PETALING JAYA - Lost and alone in the jungle for two weeks, a ranger got through the ordeal by keeping calm and relying on what he had learnt from survival training.
Ahmad Tarmizi Ahmad Japli of the Wildlife and National Parks Department (Perhilitan) made the headlines last year after going missing on Aug 11 while collecting data on tigers at Yong Forest Reserve, Taman Negara, Pahang.
Rescuers found him near a stream on Aug 25.
The 31-year-old father of four, who is with the Kelantan Perhilitan office, said when he realised he was lost, he stayed cool and recalled his training.
He also decided that the best thing to do was to move to a safe point and wait for help.
"I had initially been walking with a partner, but he went up ahead and I accidentally strayed from the path."
"When I realised that I was lost, I kept calm and left it all to God. It would have been worse if I started panicking.
"The department's training taught us to stay put, but the area was unsafe. I decided to look for a nearby stream and stayed there until I was rescued," said Ahmad Tarmizi, who had left his mobile phone at the base camp.
He had a week's supply of light snacks such as crackers, which he supplemented with fruits from the jungle.
"I was not really afraid at night. Throughout those two weeks, I prayed and thought of my wife and four children.
"I left my fate to God. I told myself that if I survived, then I would walk out of the forest. But if I died, then my body would be carried out. That was all there was to it.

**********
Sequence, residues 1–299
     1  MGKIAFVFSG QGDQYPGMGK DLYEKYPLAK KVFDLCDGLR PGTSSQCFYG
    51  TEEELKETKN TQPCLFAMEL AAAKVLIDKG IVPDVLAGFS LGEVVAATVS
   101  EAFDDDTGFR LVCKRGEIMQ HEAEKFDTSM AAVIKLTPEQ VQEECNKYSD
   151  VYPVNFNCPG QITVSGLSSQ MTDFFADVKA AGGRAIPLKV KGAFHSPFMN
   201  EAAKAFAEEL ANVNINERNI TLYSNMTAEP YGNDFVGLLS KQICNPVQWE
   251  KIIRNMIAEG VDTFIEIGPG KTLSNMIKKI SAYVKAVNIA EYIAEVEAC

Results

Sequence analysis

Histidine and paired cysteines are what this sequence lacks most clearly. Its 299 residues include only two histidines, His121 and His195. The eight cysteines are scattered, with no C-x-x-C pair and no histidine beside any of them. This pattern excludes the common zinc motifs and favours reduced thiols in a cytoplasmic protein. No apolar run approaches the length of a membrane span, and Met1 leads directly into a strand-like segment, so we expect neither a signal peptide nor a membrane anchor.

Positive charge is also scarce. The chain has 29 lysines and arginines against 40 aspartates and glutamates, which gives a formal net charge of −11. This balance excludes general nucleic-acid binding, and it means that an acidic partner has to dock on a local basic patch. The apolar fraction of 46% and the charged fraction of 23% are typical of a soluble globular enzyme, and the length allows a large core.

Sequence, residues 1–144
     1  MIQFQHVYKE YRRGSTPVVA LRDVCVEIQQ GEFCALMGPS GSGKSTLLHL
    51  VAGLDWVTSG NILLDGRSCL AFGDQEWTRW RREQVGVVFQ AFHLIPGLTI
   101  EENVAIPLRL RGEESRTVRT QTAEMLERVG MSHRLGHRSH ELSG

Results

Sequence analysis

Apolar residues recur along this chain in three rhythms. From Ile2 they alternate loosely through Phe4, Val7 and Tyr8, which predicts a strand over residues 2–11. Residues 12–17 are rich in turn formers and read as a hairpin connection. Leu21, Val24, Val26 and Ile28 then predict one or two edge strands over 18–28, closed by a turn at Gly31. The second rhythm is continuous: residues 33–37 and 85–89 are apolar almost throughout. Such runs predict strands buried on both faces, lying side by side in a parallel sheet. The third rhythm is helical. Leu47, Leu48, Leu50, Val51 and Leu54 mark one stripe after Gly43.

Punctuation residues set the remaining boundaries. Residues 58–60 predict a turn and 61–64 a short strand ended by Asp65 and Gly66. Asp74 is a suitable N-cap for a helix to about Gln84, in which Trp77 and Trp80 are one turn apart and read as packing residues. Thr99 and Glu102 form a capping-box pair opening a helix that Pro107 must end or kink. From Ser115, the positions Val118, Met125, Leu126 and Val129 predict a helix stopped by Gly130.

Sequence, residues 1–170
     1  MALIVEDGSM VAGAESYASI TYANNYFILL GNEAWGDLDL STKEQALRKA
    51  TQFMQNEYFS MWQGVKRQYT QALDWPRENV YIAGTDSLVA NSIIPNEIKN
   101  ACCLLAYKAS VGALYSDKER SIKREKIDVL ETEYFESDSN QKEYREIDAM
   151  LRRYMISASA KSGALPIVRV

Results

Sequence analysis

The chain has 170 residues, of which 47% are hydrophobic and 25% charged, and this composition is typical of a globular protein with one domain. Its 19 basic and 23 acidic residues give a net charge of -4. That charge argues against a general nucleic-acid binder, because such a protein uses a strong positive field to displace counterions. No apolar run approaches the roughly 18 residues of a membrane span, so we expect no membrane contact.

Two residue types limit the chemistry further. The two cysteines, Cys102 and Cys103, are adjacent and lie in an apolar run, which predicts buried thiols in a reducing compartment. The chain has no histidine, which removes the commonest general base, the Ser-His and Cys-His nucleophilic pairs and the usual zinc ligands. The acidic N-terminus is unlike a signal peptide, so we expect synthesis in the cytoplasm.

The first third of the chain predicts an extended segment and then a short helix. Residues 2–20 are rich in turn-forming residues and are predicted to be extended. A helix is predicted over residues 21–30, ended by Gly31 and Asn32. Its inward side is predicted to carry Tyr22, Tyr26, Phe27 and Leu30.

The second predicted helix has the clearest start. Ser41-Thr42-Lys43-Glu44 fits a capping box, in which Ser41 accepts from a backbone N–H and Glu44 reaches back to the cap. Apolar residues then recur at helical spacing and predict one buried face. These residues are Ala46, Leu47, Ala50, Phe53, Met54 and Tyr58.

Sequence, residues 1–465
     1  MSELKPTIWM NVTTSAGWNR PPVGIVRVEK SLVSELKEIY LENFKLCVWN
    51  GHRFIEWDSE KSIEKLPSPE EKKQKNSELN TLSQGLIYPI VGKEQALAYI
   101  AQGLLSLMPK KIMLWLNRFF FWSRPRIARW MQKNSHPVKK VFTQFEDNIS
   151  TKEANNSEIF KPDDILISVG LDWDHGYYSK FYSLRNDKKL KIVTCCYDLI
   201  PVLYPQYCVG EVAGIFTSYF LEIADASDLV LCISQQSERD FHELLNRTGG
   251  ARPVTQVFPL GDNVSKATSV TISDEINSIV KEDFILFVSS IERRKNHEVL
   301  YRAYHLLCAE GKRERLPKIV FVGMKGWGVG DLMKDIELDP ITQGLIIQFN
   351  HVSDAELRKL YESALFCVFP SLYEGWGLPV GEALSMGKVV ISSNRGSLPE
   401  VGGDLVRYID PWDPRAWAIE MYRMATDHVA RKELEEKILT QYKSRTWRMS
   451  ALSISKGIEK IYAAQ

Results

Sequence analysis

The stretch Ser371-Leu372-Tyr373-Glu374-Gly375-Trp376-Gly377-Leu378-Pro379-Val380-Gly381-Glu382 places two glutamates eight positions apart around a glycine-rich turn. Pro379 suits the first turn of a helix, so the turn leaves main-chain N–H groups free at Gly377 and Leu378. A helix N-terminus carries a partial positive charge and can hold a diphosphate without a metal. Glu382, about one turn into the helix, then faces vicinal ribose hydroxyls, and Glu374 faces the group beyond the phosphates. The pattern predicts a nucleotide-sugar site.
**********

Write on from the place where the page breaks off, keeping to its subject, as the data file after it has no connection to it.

"I was all right because I had been trained by Perhilitan, but for those with zero training or knowledge, it would have been worse," said Ahmad Tarmizi, who has been a Perhilitan ranger since 2014 and is based in Kota Baru.
Upon being rescued, he felt an odd assortment of emotions, including joy, elation, aloofness and an inexplicable sadness.
He was found after a search involving over 336 people from the police, General Operations Force, Air Operations Force,K9 Unit, Fire and Rescue Department, Forestry Department, non-governmental organisations and the public.
The search covered 40sq km of the national park.
Ahmad Tarmizi, who was brought out of the park on a helicopter, went back to work two weeks later.
"I still go into the forest as usual and have no issues with it. I consider the ordeal as something that was fated to happen and a test from God, as well as a job risk," he added.
His No.1 tip for surviving in the jungle if one gets lost: Stay calm.
"If you panic, a lot of bad things can happen. If you panic, you will start wandering around and use up your energy for nothing.
"Keep calm so that you can think about what is good to do or otherwise," he said.